The Temples of Orissa  

Much needs to be said about the temples of Orissa. The Golden triangle of Orissa comprising Bhubaneswar, Puri and Konark attracts tourists from around the world. There are hundreds of lesser known temples in Orissa. The city of Bhubaneswar abounds in temples built over a range of several centuries.

The temples of Orissa exhibit a majestic grandeur. An Orissan temple (deul) usually consists of a sanctum, one or several front porches (jagamohana) usually with pyramidal roofs, a dancing hall (nata mandir) and a hall of offerings (bhog mandir). The Lingaraj temple at Bhubaneswar boasts of a 150 foot high deul while the Janannath Temple at Puri is about 200 feet high and it dominates the skyline of the town. Only a portion of the Sun Temple at Konark, the largest of the temples of the Golden triangle exists today, and it is still staggering in size. It stands out as a masterpiece in Orissan architecture.

Orissa's history dates back to the days of the Mahabharata. It was under the rule of the Nanda Kings in the pre Christian era and then under the Mauryan rule. Rock edicts of Emperor Ashoka are found in the State. The impact of the invasion of the Guptas is seen in the early temples of Bhubaneswar. The Matharas ruled Orissa from the later half of the 4th century AD. The Sailodbhavas who followed constucted several shrines the ruins of which can be seen today. (600-750 AD). 

The period of the Bhaumakaras and Somavamsis (8tth to 11th centuries AD) played a major role in the cultural life of the State. Saivism dominated the religious scene although Budhist, Jain and Vaishnavite monuments also came into being. The Gangas took over after the decline of the Somavamsis. The early Eastern Gangas ruled from Kalinganagara (Mukhalingam near Srikakulam Andhrapradesh). They shifted their capital to Cuttack in the 12th century. Saivism began to decline while Saktism flourished. Further, the religious leader Ramanujacharya had a great influence on the monarch Chodagangadeva who built the great temple at Puri. The Gangas were champions of Vaishnavism. It was during the Ganga rule that Orissan architecture reached its peak. Narasimhadeva of this dynasty built the Sun Temple at Konark.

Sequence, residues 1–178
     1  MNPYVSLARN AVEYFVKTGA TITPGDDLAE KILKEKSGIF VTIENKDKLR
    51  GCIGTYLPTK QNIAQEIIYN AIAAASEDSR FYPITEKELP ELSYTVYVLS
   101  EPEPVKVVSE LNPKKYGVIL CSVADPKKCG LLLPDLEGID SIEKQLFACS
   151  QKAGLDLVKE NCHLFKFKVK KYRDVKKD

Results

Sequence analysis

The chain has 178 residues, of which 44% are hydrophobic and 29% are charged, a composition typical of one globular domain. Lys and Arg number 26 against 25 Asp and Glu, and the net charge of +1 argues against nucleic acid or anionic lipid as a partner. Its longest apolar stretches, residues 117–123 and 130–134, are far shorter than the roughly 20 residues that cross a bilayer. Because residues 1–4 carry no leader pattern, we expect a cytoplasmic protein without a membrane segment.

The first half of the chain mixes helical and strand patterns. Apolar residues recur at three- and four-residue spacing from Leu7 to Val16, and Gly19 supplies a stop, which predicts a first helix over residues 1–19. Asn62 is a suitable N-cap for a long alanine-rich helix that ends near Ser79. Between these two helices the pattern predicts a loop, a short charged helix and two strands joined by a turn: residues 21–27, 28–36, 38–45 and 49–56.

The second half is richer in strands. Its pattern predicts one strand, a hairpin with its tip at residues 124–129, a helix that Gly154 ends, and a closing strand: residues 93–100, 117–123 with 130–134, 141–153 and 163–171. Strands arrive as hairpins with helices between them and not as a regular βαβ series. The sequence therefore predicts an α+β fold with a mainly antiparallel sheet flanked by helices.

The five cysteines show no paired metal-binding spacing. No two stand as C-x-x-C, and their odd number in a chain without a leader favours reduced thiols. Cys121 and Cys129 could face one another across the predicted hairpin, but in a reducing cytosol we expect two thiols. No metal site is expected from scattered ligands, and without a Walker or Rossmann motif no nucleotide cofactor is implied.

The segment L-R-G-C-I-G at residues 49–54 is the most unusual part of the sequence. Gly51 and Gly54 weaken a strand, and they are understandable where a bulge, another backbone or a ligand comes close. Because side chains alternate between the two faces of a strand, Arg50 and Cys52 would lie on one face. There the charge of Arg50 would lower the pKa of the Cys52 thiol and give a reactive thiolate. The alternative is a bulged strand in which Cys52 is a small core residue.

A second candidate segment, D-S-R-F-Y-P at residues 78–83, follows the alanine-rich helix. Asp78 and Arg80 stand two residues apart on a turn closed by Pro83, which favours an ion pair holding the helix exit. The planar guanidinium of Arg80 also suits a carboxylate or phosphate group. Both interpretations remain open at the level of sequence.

The following list is a pointer to the numerous Temples of Orissa. 

Ananta Vasudeva Temple at Bhubaneswar(Orissa)   
Deities: Vishnu

This is one of the few Vaishnavite temples in Bhubaneswar. It dates back to the 13th century and it enshrines images of Krishna, Balarama and Subhadra. It is located on the eastern bank of the Bindu Sarovar Lake. This dates back to the period of Chandrika, the daughter of Anangabhima III, during the reign of the king Bhanudeva. It is located in a walled compound along with numnerous structures. Balarama stands under a seven hooded serpent, while Krishna holds a mace and a conch.

Access and Accomodation: Bhubaneswar.  

The Rajarani temple

The Rajarani temple, dating back to the eleventh century, is set in open paddy fields, and the entire structure exudes grace and elegance. The name of the temple has been the subject of much debate. The most likely explanation is that the name is related to the lovely red-and- gold sandstone used in its construction, a stone which is known locally as rajarani. The debate is complicated by the fact that the names of all the Hindu temples in Bhubaneswar dedicated to the God Shiva end in the suffix eswar (for example Parasurameswara, Mukteswara, etc.), while those of the non-Shaivite temples are derived from their presiding deities (e.g. Parvati temple).One major scholar has argued that the name Rajarani was only applied to the temple at a later date (because of the sandstone), and that originally this is the Shiva shrine referred to in early texts as Indreswara.This seems the most likely conclusion. 

Mukteswara Temple

The small and elegant Mukteswara temple (c. AD 950) is often referred to as the "miniature gem of Orissan architecture". The frequency with which the term 'gem' is employed will be immediately appreciated with the very first glimpse of this delicate, refined little structure. The 'torana' (arched gateway) of the Mukteswara deserves special attention. Its extraordinarily beautiful sculpture includes elaborate scrolls, graceful female figures, monkeys, peacocks, and a wealth of delicate and lovely decorative detail. On the eastern side of the temple compound is a sacred tank, and in the south west corner is a well which is said to cure fertility problems. Several small shrines will be noticed within the compound, many with lingam inside.These were offering shrines depicting utmost faith in God for all purposes during that era. 

Konark Sun Temple at Konark(Orissa) 
Deities: Surya

This temple, now in ruins is a colossal monument, a temple to the Sun God built in the 13th century. An original structure dating back to the 9th century once stood here. In its original form, the deul was 235 feet high and the jagamohana was about 150 feet high. The temple was representative of the Chariot of the Sun with 12 pairs of huge wheels and 7 horses. This temple, massive in scale, is considered to be the masterpiece of Orissan architecture. The temple abounds in sculptural work.

Access and Accomodation: Konark 

Jagannath Temple at Puri(Orissa) 
Deities: Jagannath, Subhadra, Balabhadra

Puri is one of the most popular pilgrimage destinations in Orissa and in India. The Jagannath Temple, known as the White Pagoda dates back to the 12th century. It is situated in a huge complex, and the 200 feet high temple dominates the Puri skyline. Puri is famous for its chariot festival or the rath yatra which attracts thousands of pilgrims. Puri is a great center of Vaishnavism.

Access and Accomodation: Puri.  

Some of the places of worship
Temples of Tamil Nadu
Temples of Karnataka
Temples of Orissa
Temples of Maharashtra
Temples of Kerala
Temples of Andhra Pradesh
Temples of Madhya Pradesh
Temples of the Gangetic Plains